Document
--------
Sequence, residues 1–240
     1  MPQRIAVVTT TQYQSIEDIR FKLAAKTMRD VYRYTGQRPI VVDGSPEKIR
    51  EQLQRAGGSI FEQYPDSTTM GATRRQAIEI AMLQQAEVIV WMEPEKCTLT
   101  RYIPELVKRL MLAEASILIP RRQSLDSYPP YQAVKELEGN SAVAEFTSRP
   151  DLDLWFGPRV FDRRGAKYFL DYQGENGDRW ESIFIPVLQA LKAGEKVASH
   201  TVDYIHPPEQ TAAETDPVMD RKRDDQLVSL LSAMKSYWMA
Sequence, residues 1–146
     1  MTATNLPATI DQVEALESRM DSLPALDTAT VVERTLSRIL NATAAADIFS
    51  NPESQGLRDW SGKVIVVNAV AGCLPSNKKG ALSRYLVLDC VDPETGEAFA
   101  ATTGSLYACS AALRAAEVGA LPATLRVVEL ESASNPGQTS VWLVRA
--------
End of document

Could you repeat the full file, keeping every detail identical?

Sequence, residues 1–240
     1  MPQRIAVVTT TQYQSIEDIR FKLAAKTMRD VYRYTGQRPI VVDGSPEKIR
    51  EQLQRAGGSI FEQYPDSTTM GATRRQAIEI AMLQQAEVIV WMEPEKCTLT
   101  RYIPELVKRL MLAEASILIP RRQSLDSYPP YQAVKELEGN SAVAEFTSRP
   151  DLDLWFGPRV FDRRGAKYFL DYQGENGDRW ESIFIPVLQA LKAGEKVASH
   201  TVDYIHPPEQ TAAETDPVMD RKRDDQLVSL LSAMKSYWMA
Sequence, residues 1–146
     1  MTATNLPATI DQVEALESRM DSLPALDTAT VVERTLSRIL NATAAADIFS
    51  NPESQGLRDW SGKVIVVNAV AGCLPSNKKG ALSRYLVLDC VDPETGEAFA
   101  ATTGSLYACS AALRAAEVGA LPATLRVVEL ESASNPGQTS VWLVRA